Monday, September 14, 2009

Stand up for Cincinnati, say "NO ON 9!"

To the Voters and Citizens of Cincinnati:

The time has come. This is the final stretch. Both sides of the debate continue to preach their message. For the voting citizens of Cincinnati, Issue 9, if passed, would amend the city's charter so that a public vote would be required for any money that would be spent on passenger rail transportation regardless of funding sources. That means, even if the city of Cincinnati wanted to research the construction or feasibility of any form of passenger rail, we would have to wait a year or have a tax payer funded special election just to vote any time a single cent was spent on anything involving passenger rail transportation, regardless of where the money comes from whether it be local, state or federal dollars. This process severely hinders and slows down the political process and is meant to discourage our elected officials from researching any new methods of transportation that could help this region grow.
No other major metropolitan city has legislation such as this. Typically votes are held on passenger rail issues when taxes are being raised to pay for them, in the case of the proposed Cincinnati Streetcar, your taxes are not being raised!

The charter amendment severely hinders the power of our elected officials to do their job and is meant to indirectly discourage our local government from seeking to improve our transportation options. If passed, the amendment could keep Cincinnati out of consideration for federal stimulus dollars to build it's streetcar line (making an even greater cost to the city), out of consideration for the 3C corridor connecting Cleveland, Columbus and Cincinnati and out of consideration for the proposed high speed rail network being pushed by the federal government. Charter amendments like this one are deceptive and dangerous, even if you're against the streetcar, say NO to Issue 9 to keep special interest groups like suburban based COAST from dictating our transit options and our transit future.

Are You Registered to Vote?

Regardless of where you stand on the issue, it's your job as a citizen to get educated about the issue and represent yourself by voting. UC Students, the streetcar would link uptown and downtown, providing a new, reliable, higher capacity transportation option for yourself and future students alike. Recently, the University of Cincinnati Student Government Association declared their support of the "No on 9" campaign. If you are a UC student currently living in Cincinnati, you have a say in the election. Here's how to make sure you're registered to vote:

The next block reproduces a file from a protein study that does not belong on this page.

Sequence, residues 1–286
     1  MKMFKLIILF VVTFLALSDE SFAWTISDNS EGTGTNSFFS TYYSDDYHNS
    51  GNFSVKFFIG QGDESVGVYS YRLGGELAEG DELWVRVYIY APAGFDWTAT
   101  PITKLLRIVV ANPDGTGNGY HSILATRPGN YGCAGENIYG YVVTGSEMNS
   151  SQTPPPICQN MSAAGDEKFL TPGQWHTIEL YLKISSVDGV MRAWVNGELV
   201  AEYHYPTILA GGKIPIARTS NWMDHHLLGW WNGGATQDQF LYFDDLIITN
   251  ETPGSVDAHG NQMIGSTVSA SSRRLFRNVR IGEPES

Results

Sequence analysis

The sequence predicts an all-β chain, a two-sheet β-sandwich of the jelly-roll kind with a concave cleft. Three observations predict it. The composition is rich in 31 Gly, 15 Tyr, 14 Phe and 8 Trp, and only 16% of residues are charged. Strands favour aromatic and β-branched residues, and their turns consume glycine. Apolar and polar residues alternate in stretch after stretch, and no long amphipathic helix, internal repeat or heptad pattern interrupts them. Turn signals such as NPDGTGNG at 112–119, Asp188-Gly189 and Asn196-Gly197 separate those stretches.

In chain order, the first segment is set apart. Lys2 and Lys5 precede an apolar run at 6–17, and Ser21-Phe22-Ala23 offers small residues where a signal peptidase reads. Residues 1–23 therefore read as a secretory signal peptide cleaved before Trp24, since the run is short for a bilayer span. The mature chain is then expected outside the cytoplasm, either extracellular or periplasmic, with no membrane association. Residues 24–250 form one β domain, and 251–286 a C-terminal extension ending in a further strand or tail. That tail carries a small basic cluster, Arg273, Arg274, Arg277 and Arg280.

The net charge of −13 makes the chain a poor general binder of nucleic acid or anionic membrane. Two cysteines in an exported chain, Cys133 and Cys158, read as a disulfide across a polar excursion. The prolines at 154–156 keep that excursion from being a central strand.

To confirm if you're registered to vote in Hamilton County, click here:

To register to vote in Hamilton County, follow the instructions here:

Are You Unsure of Where You Stand on Issue 9 or the Streetcar?

While the charter amendment proposed on Issue 9 affects any and all kind of passenger rail construction, development, research and planning, the construction of a proposed modern streetcar line is at the forefront of the issue. There are many websites, such as this one, making their case for or against the streetcar. Political rhetoric is thrown around quite a bit. If you're interested in learning more about the exact details of the the streetcar plan, your city officials are holding open houses on the following dates:

5-7 p.m. Sept. 22 at the Aronoff Center for the Arts, 650 Walnut St., Downtown.

6-8 p.m. Sept. 24 at the Bond Hill Recreation Center, 1501 Elizabeth Place.

11 a.m. to 1 p.m. Sept. 28 on Fountain Square, Downtown.

5-7 p.m. Sept. 29 at the Public Library of Cincinnati and Hamilton County, 800 Vine St., Downtown.

6-8 p.m. Oct. 13 at the Oakley Recreation Center, 3882 Paxton Ave. (in Hyde Park Plaza)

6:30-8:30 p.m. Oct. 20 at the College Hill Recreation Center, 5545 Belmont Ave.

6-8 p.m. Oct. 27 at the Corryville Recreation Center, 2823 Eden Ave.

6-8 p.m. Nov. 4 at the LeBlond Recreation Center, 2335 Riverside Drive, East End.

5-7 p.m. Nov. 10 at Cincinnati City Hall, Room 115, 801 Plum St., Downtown.

630-8:30 p.m. Nov. 18 at the Price Hill Recreation Center, 959 Hawthorne Ave.

As said before, even if you're against the streetcar proposal, Issue 9 is about much more than that. It severely restricts our city government from doing the things they're elected to do. It will hinder Cincinnati out of consideration for state and national projects while the rest of the country moves ahead. The amendment is deceptive and dangerous to our city's future. It is unprecedented and no other major city has any kind of similar, ridiculous legislation. Don't keep Cincinnati "20 years behind the times," vote NO on Issue 9!